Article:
Yes, I know it is NOT Christmas yet and I know many will think it far too early to be discussing it, however, it was brought to my attention by an e-mail I received this morning inviting me to a carol service.
When I first acknowledged my atheism, after spending my entire life being rather devout (as children my brother and I would actually play at going to church and taking the communion), I went into a period that I can only call mourning. There was a positive side. For the first time in my life I felt very free. I felt relieved that the bad things in my life and the lives of my loved ones were not the result of some divine punishment for an unknown wrong, but instead they just happened. I was relieved of the worry that no matter how hard I tried to please something, I could never really understand what was right and wrong due to all the conflicting messages. I was freed of the concerns I had that basic human rights that I was a strong advocate of were forbidden by this deity that we were all forced to love and worship, and that if we didn't put our best effort into it, if we tried to sham, it would be known anyway. The constant worry and fear I felt melted away. But there was a cost, and that cost was the traditions and community that I had been surrounded by my entire life. The cost was my mother being disappointed in me and saying some hurtful things. I isolated myself within my own family and lost the family I had in church and with those of faith. That was what I had lost and mourned. However, once it (reason, rationality, the breakdown of my personal cognitive dissonance) had clicked (and what brought that about is a story for another time) there was never a moment of temptation to pick up the comfort blanket of faith and belief again.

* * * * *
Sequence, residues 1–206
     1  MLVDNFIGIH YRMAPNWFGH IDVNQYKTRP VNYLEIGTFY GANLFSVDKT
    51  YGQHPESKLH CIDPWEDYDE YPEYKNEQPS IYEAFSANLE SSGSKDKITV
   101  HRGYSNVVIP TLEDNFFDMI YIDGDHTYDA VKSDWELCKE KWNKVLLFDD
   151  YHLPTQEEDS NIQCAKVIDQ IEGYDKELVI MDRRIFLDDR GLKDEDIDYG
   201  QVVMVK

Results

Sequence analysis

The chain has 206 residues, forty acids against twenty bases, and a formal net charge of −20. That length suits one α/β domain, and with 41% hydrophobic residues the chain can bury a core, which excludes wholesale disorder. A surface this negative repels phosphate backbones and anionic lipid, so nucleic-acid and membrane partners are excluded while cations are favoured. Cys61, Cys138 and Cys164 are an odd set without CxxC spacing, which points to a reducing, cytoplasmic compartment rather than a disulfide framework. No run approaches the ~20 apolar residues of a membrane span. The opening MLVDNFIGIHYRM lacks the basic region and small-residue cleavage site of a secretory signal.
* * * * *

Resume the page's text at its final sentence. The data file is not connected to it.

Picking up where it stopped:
For a while after this, I felt I could not enjoy the things that I once had. I could not enjoy carols and midnight mass and celebrating Christmas with my family without feeling a sense of betrayal, of myself and by myself, and to this day I am not sure where that guilt stems from. I suspect it was a hangover from my religious background. That was then. I now find that I can enjoy carols and certain moments that create part of Christmas. But I don't enjoy it because I have faith. I enjoy it because I find it beautiful. I find the songs lovely to listen to. I find church buildings and architecture to be inspiring for the vision and work that went into conceiving and building them. I love spending protected time with my family enjoying a winter's feast. Beautiful and enjoyable things are still in place without the faith that goes with religion. God does not make them special, it is humans that have done and continue to do that. So I will go to the cathedral and enjoy a choir singing Christmas carols just for the pleasure I can get from it, celebrating a tradition that is part of my personal history and that of my family.
Skeptical kinkster musing on whatever takes my fancy!